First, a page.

Dairy Grazing: Selecting the Right Forage - Page 2
Annual ryegrass is increasingly being used for fall and winter pasture, particularly in southern Missouri. Annual ryegrass is easy to establish and, under ideal conditions, capable of producing 2,000 to 3,000 lb/acre of forage within 60 days of planting. If you manage to leave a 3- to 4-inch stubble, total season yields can approach 13,000 lb/acre in southern Missouri. Annual ryegrass retains its forage quality well over winter. In a vegetative state, annual ryegrass is often more than 18 percent crude protein and has acid detergent fiber (ADF) levels of less than 26 percent. As a result, all classes of livestock produce well on it. The drawbacks to annual ryegrass are a lack of winter hardiness, particularly from unadapted cultivars, and annual establishment costs.
Yield distribution of annual ryegrass in Missouri.
- Origin: Southern Europe
- Adaptation to Missouri: Best adapted to southern Missouri.
- Growth habit: Nearly sod-forming annual bunchgrass.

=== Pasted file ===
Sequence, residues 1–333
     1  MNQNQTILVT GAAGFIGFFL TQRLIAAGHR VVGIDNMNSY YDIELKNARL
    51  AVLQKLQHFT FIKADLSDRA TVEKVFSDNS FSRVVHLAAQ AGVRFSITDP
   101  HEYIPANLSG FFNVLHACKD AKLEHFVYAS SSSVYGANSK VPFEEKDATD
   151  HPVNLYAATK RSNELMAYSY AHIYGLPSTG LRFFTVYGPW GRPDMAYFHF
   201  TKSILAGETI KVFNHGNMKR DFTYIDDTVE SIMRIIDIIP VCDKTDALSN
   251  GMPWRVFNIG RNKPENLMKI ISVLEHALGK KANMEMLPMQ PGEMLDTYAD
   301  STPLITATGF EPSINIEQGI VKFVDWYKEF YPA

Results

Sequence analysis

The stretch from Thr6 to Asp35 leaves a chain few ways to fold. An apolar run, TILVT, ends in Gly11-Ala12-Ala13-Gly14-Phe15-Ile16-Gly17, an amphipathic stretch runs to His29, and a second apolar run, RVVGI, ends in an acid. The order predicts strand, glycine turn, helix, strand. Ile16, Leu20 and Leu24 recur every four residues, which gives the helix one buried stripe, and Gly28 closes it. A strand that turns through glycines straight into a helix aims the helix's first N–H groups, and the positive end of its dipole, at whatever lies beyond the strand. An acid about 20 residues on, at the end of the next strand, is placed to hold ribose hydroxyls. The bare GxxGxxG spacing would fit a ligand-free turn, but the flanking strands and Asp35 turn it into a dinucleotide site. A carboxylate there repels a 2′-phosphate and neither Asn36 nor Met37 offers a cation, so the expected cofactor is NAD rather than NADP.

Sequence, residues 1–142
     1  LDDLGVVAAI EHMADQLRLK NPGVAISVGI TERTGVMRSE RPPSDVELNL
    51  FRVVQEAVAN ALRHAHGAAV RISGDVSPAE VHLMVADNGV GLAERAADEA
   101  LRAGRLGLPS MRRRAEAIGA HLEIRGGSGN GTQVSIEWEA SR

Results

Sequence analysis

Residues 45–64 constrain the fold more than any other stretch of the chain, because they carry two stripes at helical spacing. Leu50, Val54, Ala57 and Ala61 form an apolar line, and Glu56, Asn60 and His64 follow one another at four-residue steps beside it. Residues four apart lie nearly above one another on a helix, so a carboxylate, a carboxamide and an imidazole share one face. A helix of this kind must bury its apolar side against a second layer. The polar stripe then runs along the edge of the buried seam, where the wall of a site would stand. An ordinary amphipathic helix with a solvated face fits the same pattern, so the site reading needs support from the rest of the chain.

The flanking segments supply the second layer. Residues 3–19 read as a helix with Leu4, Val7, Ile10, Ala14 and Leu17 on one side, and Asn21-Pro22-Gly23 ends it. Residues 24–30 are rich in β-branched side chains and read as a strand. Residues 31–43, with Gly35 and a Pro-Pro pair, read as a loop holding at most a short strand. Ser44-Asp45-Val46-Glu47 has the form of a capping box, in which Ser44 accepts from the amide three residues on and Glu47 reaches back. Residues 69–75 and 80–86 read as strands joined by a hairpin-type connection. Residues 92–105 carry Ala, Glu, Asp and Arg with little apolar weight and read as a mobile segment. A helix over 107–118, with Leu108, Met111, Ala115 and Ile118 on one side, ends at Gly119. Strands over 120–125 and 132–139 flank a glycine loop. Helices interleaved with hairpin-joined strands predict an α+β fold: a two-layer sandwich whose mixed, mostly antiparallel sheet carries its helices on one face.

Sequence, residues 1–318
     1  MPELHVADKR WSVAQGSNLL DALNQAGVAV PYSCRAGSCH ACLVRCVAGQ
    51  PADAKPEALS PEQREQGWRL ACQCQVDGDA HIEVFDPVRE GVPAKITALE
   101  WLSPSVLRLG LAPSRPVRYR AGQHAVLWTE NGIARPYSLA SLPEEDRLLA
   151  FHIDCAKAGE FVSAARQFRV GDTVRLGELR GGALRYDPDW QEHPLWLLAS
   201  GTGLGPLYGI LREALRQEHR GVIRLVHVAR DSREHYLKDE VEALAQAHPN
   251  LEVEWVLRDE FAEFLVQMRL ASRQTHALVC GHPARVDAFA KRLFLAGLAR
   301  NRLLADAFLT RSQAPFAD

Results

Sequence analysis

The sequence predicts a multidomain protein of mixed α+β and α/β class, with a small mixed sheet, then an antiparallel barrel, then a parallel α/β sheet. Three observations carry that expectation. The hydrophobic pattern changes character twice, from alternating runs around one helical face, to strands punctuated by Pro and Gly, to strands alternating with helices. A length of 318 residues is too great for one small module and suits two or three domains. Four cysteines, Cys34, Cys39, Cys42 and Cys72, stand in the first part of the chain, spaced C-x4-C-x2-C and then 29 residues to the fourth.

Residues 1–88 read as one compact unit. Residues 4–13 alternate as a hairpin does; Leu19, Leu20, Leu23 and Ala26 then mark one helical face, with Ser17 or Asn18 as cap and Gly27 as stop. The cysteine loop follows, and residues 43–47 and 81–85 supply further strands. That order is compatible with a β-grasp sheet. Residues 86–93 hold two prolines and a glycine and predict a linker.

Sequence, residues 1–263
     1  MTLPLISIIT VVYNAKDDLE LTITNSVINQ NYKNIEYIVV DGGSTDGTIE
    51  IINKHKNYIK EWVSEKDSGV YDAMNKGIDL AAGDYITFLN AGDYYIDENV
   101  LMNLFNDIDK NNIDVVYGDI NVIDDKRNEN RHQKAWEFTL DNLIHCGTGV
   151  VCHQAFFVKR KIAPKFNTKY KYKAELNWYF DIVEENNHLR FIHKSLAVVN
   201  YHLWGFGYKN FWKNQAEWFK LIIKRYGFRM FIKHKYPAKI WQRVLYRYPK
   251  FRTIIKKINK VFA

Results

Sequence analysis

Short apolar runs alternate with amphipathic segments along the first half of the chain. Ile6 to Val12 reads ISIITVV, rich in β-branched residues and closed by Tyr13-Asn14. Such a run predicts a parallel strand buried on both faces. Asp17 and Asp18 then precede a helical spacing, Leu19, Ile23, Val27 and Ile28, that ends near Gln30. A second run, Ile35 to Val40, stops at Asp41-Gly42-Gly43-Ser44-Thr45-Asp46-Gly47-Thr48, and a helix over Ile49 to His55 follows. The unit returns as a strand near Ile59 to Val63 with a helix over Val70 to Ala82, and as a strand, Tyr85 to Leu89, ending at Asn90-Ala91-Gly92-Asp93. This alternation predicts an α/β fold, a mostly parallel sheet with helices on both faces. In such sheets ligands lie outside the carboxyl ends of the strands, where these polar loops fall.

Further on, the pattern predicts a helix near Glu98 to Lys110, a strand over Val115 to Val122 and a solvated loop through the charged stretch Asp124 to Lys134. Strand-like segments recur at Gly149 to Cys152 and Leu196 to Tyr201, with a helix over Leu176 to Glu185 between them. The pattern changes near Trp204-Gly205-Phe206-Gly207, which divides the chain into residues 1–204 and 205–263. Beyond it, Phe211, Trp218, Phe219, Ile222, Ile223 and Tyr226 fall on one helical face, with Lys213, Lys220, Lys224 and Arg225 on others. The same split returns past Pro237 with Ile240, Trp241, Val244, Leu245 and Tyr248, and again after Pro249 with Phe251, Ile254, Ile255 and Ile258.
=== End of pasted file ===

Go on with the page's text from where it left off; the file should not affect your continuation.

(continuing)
- Blade: Rolled in bud, bright green, upper surface dull, prominently ridged, lower surface smooth, glossy, keeled, smooth margins.
- Sheath: Smooth, split, green, pink at base.
- Ligule: Obtuse, membranous, about 1⁄15 inch long.
- Auricles: Overlapping, pointed, blunt and distinct.
- Seed head: Flat, awned, spikelets alternate edgewise up stem.
- Fertilization: 75 lb N/acre at establishment. Apply an additional 40 to 60 lb N/acre in late February and again in early April. Phosphorus and potassium to soil test.
- Timing of production: 60 percent of growth from Feb. 1 to May 1.
- When to begin grazing: When the grass reaches 6 to 8 inches in height.
- When to cut for hay: Early boot stage, typically in late April.
- Lowest cutting or grazing height: 3 inches
- Fall management: Light grazing possible in late fall if a 4-inch stubble is maintained throughout winter.